Security August 17, 2004 at 9:35 am

The Keys to the Door of the SSH Tunnel

Now that you know how to make a SSH tunnel how can you make it work without a password challenge?

Useful for automated processes, and lazy fingers, a public-private key set may be what you are looking for. You can also use keys with a passphrase for even more security.SSH is already pretty secure, but it can be made even more secure with the use of public-private login keys which prevent your password from ever going over the wire. You can also use the keys to allow access without the need for any passphrase at all. This can be dangerous because if someone gets ahold of your private key they will be able to login as you.

Often you might want to allow unchallenged SSH authentication so that automated processes, such as rsyncX, can run in the middle of the night. You can limit what the client is able to do in the session by adding a command="command to execute" statement to the beginning of the key.

When you connect to a SSH host it will request authentication from the client. If you have a key set, your SSH client will generate a temporary key based on your private key. It will then send this key to the server and the server will compare it to the public keys that it has. If your public key there can unlock the temporary key you are authenticated and allowed access. If the keys fail then it drops back to password based authentication.

In my example here I am going to look at doing a passphrase-free key. It’s not as secure, but it’s simple and someone specifically asked how to do it.

How to do it
(This tutorial assumes that you haven’t generated a ssh key or used public/private key authentication before.)

First we need to make a key pair. We are going to use dsa as the key type to insure that we connect via the more secure SSH2 protocol.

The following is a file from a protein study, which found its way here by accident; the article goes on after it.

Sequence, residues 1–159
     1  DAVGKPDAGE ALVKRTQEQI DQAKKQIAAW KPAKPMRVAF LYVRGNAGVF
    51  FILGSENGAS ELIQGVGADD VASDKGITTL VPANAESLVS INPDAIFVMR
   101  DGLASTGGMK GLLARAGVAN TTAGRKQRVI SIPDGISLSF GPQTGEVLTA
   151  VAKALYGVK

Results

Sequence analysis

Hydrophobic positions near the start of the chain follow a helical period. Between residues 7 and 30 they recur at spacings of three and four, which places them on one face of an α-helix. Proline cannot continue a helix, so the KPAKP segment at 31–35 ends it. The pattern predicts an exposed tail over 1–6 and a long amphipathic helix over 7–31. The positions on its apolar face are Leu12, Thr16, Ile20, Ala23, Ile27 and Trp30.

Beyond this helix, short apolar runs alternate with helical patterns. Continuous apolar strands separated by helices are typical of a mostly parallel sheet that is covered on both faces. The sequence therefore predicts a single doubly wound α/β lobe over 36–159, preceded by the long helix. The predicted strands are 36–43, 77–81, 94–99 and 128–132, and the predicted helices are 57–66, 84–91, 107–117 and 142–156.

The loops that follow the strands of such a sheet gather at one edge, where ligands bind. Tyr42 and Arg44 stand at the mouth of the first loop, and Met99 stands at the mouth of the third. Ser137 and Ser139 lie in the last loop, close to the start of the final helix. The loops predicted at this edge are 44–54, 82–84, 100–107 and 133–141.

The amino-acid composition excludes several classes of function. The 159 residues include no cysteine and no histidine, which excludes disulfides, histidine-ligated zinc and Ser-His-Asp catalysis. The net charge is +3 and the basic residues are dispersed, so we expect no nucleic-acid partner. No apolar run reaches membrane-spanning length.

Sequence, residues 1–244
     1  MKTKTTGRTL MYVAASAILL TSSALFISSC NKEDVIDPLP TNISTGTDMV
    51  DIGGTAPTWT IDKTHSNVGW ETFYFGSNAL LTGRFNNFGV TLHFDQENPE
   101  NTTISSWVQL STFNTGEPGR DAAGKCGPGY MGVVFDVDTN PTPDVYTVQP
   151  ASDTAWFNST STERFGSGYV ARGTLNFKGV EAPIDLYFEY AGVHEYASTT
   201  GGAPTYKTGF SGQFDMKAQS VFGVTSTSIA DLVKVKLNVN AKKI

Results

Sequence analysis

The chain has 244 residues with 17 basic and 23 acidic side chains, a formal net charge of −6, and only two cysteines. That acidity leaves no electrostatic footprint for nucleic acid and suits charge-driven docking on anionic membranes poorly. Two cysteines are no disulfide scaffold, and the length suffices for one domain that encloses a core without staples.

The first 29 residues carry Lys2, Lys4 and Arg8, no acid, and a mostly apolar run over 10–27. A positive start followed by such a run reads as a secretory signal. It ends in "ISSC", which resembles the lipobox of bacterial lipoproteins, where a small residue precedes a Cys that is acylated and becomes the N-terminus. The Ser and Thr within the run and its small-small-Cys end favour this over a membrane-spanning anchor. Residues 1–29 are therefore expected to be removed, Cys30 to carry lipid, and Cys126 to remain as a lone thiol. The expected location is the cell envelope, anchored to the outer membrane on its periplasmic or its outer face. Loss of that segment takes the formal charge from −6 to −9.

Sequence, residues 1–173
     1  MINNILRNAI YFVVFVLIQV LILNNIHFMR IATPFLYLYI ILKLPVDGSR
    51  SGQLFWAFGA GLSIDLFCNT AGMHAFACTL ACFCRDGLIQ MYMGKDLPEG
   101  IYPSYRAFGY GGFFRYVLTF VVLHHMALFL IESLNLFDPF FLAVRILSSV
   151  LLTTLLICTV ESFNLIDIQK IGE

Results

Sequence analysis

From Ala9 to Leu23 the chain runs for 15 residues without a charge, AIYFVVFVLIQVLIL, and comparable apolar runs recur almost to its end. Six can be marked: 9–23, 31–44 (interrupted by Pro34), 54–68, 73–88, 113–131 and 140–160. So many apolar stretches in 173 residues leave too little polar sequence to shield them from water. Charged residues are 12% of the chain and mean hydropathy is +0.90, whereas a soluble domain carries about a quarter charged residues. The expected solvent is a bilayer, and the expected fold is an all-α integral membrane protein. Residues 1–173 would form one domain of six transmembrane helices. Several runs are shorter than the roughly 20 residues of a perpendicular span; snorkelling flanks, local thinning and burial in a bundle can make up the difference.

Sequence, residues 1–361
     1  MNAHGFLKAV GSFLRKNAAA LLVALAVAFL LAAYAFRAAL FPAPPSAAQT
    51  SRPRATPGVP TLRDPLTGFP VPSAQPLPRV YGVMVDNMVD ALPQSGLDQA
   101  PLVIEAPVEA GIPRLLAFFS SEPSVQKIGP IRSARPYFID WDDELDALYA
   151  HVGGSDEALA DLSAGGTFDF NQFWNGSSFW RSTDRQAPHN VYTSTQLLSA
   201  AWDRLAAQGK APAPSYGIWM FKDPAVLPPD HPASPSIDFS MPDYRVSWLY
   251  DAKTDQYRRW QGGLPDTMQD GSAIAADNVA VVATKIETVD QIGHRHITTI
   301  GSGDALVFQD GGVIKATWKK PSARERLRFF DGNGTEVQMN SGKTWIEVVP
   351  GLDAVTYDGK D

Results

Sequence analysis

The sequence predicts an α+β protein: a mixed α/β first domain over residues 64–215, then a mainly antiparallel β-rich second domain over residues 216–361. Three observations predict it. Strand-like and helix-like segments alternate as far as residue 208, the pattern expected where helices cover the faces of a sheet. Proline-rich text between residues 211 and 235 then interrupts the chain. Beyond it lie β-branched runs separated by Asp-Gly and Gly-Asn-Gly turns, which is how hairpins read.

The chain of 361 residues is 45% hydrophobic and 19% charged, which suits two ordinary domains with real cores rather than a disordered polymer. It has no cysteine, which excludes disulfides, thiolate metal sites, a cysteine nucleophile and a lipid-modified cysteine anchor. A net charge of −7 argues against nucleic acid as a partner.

ssh-keygen -t dsa

You will be prompted for a filename; just press return to accept the default. You will then be prompted for a key passphrase. If you want unchallenged logins just hit return to set it to a blank. If you want a passphrase, enter it now.

Now you will have your new public-private key set in ~/.ssh. The private key is named id_dsa and the public is

In order for the server to use the key we must copy our public key to it. If you haven’t used keys for authentication before we can just copy the key up and rename it:

scp ~/.ssh/ user@host:~/.ssh/authorized_keys

(This will create or replace your authorized_keys file on the server. If you have one already you should add to the file like so:

cat ~/.ssh/ | ssh user@host 'cat - >> ~/.ssh/authorized_keys'

Again, if you haven’t setup an authorized_keys file before then don’t worry about it.)

Now try logging into the SSH server normaly:

ssh -l username

If you specified a passphrase you will be asked for it, otherwise it will just let you in.

Flaunting the obvious

If you are using single sign-on with a Mac OS X Server then all of this will be handled by Kerberos.

Also if you use a keyset without a passphrase you need to make sure no one gets that key. If you even think that it has been compromosed you should destroy it and generate a new one or you might get 0wn3d!

For much more info you should check out man ssh and man ssh-keygen. IBM has a nice page about all this too that was written by the CEO of Gentoo, Daniel Robbins. IBM OpenSSH Resources

Mike Bombich also has a good tutorial that touches on SSH keys on his site

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